LAWRENCE — Christian Braun had an outing he’ll never forget Tuesday.

One that no one else will remember.

Braun, a reserve guard for Kansas, scored a game- and career-high 20 points in the Sunflower Showdown, leading the hosts to an 81-60 win over Kansas State at Allen Fieldhouse. Despite his superlative performance — 7-for-15 from the field, including a 6 of 10 mark beyond the 3-point line — off the bench, an unsightly brawl that spilled into handicapped seating behind the basket with just one second remaining overshadowed Braun’s efforts.

Much to Bill Self’s chagrin.

“We should be in here talking about Christian Braun,” said Self, who won his 14th straight game at home against K-State as KU’s head coach, “and selfishness definitely created a situation where that’s not going to be the storyline whatsoever.”

No players from either team met with media members afterward.

It only added to Self’s frustration that Braun is a Kansas native — hailing from Burlington — who won three consecutive state titles during his high school career at Blue Valley Northwest. Self recalled the many Sunflower State natives who “have taken great pride” in participating in the K-State/KU rivalry contests, from Dean Wade to Wayne Simien.

Braun, Self said, is no different.

“I thought he was terrific and the lid came off (the basket). Still, we shot the ball pretty poorly,” Self said. “We were 3 of 18 if it wasn’t for Christian shooting the ball from 3. So that’s obviously something we’ve got to get better at. But I thought he was the best player in the game.”

K-State head coach Bruce Weber didn’t dispute that notion.

“Christian had a special night for them, made some 3s,” said Weber, who fell to 4-17 in his head-to-head meetings with Self, including an 0-for-9 mark in Lawrence. “We had a special night the other day against West Virginia. ... They had a spark. You get games like that — it happens at home.”

What doesn’t happen is K-State (8-10, 1-5 Big 12) is winning at Allen Fieldhouse. Tuesday marked the 14th time in as many seasons the Wildcats hopped on the team bus for the ride home, westbound on Interstate 70, saddled with yet another loss in Lawrence.

At least in the early going, K-State had positives it could point to.

A minute and a half into Tuesday’s game, David Sloan rose and slammed home a dunk on a fast break to give K-State a 2-0 lead. After Kansas’ Udoka Azubuike responded to knot the game at 2-all, the Wildcats edged back ahead, 5-2, on a 3-pointer from senior wing Xavier Sneed.

At the first media timeout, which came at the 15:45 mark, the Wildcats had fought to a 7-7 draw with the No. 3 Jayhawks.

“Shoot, if you watch us play, most of the time it’s 7-0 or 10-0 to start,” Weber said. “So it was 7-7, we turn them over four times, we made some plays.”

Coming out of the timeout, however, the two teams reprised familiar roles. The Jayhawks surged. The Wildcats wilted. Allen Fieldhouse once again become a house of horrors for K-State.

The Jayhawks (15-3, 5-1) were too good for the Wildcats on their home court, as per usual.

KU put its stamp on the game after that first fateful stoppage, going on a 9-0 run to take a 16-7 lead. That eventually ballooned to a 19-2 surge. And just like that, with only 4:15 of game time gone by, the Wildcats found themselves in a 26-9 hole.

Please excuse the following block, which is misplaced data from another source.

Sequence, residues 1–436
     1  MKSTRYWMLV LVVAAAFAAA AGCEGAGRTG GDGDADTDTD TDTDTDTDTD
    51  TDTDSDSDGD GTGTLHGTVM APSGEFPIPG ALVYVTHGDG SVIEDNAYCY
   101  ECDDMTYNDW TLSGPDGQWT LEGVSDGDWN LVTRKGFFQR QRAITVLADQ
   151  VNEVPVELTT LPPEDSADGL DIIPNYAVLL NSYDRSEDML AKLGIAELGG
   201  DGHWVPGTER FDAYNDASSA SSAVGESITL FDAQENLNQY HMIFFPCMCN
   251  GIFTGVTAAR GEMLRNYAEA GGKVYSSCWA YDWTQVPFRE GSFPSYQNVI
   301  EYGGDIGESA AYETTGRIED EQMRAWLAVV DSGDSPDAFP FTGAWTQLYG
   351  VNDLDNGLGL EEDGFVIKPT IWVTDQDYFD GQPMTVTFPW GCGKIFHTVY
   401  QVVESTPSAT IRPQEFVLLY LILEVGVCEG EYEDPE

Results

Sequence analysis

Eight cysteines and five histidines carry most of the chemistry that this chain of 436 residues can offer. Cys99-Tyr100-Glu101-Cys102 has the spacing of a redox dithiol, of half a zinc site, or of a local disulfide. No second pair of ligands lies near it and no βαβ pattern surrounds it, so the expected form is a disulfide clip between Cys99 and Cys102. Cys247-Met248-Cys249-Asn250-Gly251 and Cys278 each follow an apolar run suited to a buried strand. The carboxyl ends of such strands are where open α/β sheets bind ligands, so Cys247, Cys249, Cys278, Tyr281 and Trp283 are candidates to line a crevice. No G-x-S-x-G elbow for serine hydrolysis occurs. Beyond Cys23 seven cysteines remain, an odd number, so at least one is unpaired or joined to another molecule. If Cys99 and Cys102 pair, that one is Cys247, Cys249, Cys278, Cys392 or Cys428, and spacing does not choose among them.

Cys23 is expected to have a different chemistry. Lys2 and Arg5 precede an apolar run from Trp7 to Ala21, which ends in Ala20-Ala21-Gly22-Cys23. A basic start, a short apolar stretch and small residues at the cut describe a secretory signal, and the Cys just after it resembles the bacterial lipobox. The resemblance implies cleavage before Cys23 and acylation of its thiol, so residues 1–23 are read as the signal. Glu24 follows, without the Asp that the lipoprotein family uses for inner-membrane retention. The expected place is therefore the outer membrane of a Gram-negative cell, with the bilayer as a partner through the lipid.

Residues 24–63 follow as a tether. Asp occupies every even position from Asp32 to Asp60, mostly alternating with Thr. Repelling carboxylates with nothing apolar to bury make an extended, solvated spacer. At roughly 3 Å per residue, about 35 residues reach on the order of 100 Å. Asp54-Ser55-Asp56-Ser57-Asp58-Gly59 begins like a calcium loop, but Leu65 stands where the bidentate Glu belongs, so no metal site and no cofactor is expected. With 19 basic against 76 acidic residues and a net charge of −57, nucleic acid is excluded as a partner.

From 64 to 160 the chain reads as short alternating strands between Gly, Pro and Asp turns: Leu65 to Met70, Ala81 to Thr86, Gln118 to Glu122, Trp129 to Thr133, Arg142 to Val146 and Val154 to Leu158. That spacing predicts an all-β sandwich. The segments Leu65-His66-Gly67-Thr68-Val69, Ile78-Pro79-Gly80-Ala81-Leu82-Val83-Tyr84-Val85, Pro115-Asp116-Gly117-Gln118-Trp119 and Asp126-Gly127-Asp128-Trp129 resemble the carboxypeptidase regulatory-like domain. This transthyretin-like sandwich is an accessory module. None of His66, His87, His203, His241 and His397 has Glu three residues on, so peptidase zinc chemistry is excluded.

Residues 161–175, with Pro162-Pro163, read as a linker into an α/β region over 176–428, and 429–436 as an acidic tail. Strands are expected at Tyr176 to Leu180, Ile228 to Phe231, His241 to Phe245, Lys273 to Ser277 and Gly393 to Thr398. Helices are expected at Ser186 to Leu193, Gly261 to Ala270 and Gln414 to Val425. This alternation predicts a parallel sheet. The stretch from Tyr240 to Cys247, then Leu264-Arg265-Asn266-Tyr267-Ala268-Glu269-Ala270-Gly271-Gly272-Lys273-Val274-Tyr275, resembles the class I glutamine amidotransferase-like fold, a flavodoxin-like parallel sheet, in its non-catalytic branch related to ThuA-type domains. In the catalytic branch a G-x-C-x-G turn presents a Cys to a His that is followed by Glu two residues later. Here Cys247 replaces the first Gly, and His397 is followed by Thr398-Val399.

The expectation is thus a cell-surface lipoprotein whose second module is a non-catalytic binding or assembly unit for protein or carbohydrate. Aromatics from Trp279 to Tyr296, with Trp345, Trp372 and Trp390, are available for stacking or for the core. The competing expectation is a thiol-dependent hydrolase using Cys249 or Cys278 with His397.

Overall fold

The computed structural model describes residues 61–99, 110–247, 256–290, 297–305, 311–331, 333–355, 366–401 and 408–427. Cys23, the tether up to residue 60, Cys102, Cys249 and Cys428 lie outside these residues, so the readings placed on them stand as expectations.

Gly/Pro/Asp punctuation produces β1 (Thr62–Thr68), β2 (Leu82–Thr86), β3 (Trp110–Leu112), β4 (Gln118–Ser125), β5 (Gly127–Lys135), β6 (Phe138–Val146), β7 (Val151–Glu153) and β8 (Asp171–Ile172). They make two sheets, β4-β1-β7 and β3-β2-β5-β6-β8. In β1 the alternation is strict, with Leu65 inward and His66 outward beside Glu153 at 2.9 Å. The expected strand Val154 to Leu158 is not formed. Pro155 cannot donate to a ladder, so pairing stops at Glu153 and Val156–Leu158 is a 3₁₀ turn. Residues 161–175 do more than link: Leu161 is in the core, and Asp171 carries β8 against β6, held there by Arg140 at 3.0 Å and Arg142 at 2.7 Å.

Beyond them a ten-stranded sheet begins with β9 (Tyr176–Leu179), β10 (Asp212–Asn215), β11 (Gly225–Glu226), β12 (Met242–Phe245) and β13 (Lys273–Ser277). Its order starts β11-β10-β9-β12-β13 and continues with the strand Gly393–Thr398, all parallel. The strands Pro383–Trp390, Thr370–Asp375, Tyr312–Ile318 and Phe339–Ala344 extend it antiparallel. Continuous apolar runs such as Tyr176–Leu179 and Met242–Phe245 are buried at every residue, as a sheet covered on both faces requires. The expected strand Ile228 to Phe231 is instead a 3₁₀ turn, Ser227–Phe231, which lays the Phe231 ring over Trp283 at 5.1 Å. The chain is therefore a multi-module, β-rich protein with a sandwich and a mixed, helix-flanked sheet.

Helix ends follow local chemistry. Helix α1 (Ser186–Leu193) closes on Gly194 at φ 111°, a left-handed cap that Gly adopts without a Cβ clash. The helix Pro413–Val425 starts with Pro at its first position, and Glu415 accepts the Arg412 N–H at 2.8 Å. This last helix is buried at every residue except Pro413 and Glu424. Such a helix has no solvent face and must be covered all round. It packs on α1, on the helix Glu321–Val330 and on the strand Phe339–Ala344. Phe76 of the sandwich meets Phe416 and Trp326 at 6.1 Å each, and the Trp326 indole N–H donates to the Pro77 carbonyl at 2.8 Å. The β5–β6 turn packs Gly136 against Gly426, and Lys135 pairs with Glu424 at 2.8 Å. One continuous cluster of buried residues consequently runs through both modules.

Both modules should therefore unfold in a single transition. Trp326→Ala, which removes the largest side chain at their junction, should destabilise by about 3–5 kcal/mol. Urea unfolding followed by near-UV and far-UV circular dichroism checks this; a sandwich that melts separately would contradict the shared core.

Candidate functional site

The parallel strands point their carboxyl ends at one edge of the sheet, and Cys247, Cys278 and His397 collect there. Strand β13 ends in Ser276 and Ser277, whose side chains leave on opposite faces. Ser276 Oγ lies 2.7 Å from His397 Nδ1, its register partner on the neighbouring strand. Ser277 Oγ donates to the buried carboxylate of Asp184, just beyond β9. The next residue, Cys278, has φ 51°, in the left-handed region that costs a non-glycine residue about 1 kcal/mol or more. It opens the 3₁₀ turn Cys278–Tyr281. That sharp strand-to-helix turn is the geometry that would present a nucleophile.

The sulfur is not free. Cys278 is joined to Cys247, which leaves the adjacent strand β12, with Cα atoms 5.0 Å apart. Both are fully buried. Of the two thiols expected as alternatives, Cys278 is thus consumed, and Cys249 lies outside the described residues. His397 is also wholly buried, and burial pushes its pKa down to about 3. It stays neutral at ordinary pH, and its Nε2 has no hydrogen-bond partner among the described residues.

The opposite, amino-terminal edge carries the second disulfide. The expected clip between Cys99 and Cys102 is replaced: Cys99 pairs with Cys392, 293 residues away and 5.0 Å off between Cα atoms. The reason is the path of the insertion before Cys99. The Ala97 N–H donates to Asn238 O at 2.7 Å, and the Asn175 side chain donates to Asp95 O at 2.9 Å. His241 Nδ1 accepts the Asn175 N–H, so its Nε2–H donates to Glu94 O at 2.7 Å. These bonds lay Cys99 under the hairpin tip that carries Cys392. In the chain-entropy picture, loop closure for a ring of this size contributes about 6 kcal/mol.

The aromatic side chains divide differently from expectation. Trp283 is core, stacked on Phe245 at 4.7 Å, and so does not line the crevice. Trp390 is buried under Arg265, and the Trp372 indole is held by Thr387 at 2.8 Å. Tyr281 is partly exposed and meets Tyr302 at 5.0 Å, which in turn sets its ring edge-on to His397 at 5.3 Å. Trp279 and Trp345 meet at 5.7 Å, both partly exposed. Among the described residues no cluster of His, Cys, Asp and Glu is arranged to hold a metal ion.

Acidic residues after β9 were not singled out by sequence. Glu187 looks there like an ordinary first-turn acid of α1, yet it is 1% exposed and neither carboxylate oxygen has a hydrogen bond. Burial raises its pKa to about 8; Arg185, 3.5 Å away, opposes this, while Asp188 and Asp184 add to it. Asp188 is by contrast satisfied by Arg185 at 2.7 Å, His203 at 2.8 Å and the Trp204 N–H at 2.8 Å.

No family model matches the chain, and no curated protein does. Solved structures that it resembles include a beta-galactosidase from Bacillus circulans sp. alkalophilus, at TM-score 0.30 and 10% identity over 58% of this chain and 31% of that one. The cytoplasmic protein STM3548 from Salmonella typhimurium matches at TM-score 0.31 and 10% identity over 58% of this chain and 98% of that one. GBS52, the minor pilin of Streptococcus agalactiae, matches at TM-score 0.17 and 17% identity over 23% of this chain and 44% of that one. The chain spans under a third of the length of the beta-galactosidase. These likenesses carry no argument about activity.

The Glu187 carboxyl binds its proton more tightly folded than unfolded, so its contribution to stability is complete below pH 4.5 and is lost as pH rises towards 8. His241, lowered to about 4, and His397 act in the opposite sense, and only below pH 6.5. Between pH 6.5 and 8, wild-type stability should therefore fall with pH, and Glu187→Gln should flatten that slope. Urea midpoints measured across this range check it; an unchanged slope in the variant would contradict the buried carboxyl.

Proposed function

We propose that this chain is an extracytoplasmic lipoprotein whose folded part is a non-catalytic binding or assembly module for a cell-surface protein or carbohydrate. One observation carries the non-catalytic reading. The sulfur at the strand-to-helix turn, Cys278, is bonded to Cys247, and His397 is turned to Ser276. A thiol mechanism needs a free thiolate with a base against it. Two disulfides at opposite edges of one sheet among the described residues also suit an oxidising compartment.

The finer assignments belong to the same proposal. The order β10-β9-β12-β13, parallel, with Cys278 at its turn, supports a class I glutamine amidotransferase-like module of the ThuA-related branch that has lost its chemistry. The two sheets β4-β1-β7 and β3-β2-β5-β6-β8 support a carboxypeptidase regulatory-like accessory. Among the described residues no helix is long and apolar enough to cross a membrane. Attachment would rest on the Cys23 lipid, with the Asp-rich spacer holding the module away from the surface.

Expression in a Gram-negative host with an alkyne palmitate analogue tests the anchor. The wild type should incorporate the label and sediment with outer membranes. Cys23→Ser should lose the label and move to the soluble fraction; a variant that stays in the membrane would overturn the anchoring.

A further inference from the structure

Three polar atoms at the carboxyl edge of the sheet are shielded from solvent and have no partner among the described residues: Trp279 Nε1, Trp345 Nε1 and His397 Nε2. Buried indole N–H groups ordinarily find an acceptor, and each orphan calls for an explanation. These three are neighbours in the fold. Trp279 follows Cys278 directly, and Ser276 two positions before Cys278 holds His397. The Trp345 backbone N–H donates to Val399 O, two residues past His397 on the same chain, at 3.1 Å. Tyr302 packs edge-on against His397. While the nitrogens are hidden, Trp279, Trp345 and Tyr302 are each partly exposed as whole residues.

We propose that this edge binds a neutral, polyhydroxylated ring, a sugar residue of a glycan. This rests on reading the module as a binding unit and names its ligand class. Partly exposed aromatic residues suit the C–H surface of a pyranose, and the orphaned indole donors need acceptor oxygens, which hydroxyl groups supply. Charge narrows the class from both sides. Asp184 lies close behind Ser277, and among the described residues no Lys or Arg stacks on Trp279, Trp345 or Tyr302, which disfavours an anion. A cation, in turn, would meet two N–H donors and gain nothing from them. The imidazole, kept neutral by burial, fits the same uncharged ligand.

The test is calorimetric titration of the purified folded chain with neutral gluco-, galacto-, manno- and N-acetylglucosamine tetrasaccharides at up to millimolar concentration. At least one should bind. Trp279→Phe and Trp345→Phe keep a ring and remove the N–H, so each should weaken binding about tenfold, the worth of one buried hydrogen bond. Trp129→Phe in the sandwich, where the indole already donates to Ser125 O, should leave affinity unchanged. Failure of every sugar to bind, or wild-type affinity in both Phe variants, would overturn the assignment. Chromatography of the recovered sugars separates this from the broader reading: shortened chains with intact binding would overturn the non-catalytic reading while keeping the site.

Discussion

“They went small (and) we didn’t do a very good job,” Weber said. “(Braun) made some shots.”

K-State went on a 4-0 run, courtesy of a pair of layups by senior forward Makol Mawien, to draw within 13 (26-13) with 7:52 to play in the half. But the Wildcats never got closer than that before heading into the locker room down 39-23.

The second half started with a pair of 8-0 runs, first by KU, then by K-State. But both teams were merely playing out the string of a contest long since decided. Just as in the first half, the Wildcats couldn’t trim the deficit below 13, which they did following a 3-point splash by true freshman guard DaJuan Gordon that made it 49-36 in favor of the hosts with 14:05 remaining.

“We just never could get over the hump to make it tough on them,” Weber said. “We took some tough shots. We turned it over. We didn’t give ourselves a chance.”

Aside from Braun, the Jayhawks had two other players finish with double-digit point totals: Azubuike had 10 — to go along with a game-high 14 rebounds — while sophomore guard Devon Dotson added 18.

The Wildcats had a double-digit scoring trio of their own in Sloan (17 points), Sneed (16) and Mawien (11).

Weber praised Sloan’s effort, given that it’s the first time he’s scored more than 10 points and that he nearly doubled his personal best of nine, which came in Saturday’s win over West Virginia.

“He had some of those turnovers early, but he can make some plays,” Weber said. “He gets downhill for a little guy, gets in that paint and makes some good plays. Got a little pull-up jumper, which is nice. Reads the defense. Obviously, he gave us a lot more than a lot of guys. The only thing is his defensive awareness and his breakdowns. But we might have to live with that, too, to have a little better offense.”

The driving force behind KU’s victory, aside from Braun, is that it won every specialty area, some by lopsided margins: points in the paint (40-22), points off turnovers (20-6), second-chance points (22-11), fast-break points (10-6) and bench points (37-9).

“Credit to them,” Weber said. “They kicked our butt in so many ways.”

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